Fans of easygoing independent rock have been paying attention to Sloan Peterson, a young Australian singer whose vocal delivery has been described as being similar to that of Lana del Rey, but with a natural timbre that does not suffer from overproduction. What music critics suggest with this comparison is that the first recordings by Lana del Rey indeed suffered from too much engineering of her voice, which sounded otherworldly at times. Sloan Peterson’s voice, on the other hand, is the result of a natural effort that sounds heavenly and colorful.
For all the comparisons between Lana del Rey and Sloan Peterson, there is no chance that you would confuse their voices even if they agreed to record the same Edith Piaff song and tried to sound like each other; what will make them different is their timbre, which can be defined as their unique sound quality.
All sounds, notes, and tones possess timbre. Voices, musical instruments, and even noises can be distinguished by a series of attributes that collectively make up their timbre or tone color. Although the perception of these attributes can be subjective to a certain extent, we could use a spectrometer to analyze timbre and measure the following:
- Sound envelope.
- Amplitude and frequency modulation.
- Noise range.
- Acoustic prefix and final sound.
- Rise and decay.
Instruments have their own timbre; if we ask a seasoned jazz performer to play John Coltrane’s “Alabama” on clarinet and oboe, we would be able to distinguish between the two. We could also take a couple of Fender Stratocaster guitars manufactured in different years and run them through the spectrometer in order to get a graphical representation of their timbre difference. People with hearing disabilities can also discern timbre through vibrotactile experiences.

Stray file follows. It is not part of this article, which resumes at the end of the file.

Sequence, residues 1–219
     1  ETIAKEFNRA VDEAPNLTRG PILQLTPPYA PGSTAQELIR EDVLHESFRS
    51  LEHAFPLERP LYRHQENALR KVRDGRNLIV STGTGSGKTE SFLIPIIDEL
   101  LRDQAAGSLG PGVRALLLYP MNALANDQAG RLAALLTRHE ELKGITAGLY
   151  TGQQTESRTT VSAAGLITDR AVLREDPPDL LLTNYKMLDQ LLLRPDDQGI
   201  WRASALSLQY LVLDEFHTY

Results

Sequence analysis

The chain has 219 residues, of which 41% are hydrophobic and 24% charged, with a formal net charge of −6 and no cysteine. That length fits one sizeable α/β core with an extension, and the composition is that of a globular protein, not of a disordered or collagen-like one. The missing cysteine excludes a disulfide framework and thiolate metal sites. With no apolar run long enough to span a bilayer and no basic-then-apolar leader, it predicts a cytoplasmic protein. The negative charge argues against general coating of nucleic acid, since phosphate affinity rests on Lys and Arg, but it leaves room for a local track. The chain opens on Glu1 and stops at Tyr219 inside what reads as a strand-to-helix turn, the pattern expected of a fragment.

People have always been able to distinguish timbre; nonetheless, the studious application of tone color in musical composition started in the 18th century. Composers such as Richard Wagner mastered the use of timbre in order to make their works more dynamic and masterful.
The Importance of Timbre in Music Learning
Timbre is a topic that you can never stop learning about. It is easy to understand the basics and take them for granted; in fact, we can even play around with timbre when we speak, sing, or play instruments even if we are not familiar with sound attributes such as prefix, modulation, envelope, and decay. Some musicians, recording engineers, and scientists tackle the musical topic of timbre very seriously and in some cases obsessively.
Jamaican recording engineer Osbourne Ruddock, better known as King Tubby, created the Caribbean music subgenre known as dub thanks to his deep interest in electronics and sound. Ruddock used to remix analog recordings of ska and reggae songs; however, he experimented with isolating tracks, running the audio through jury-rigged filters, playing with the envelope, punching up the reverb, adding delay, and applying all sorts of weird tricks resulting in a recordings that were radically transformed from the original. King Tubby was thoroughly haunted by timbre on a cosmic level, and he believed that harmony and melody took a backseat to sound modulation.
If you agree with the axiom of understanding being the key to learning, you will likely agree that teaching children about timbre is a good way to help them develop a solid musical foundation. The topic of timbre as it relates to music theory is part of the Prodigies Music curriculum; our program takes a playful approach to teaching topics such as pitch, chromatic notes, timbre, and scales. Children can certainly get the concept of timbre, and they can also learn to manage it in ways that they can incorporate it into melodies.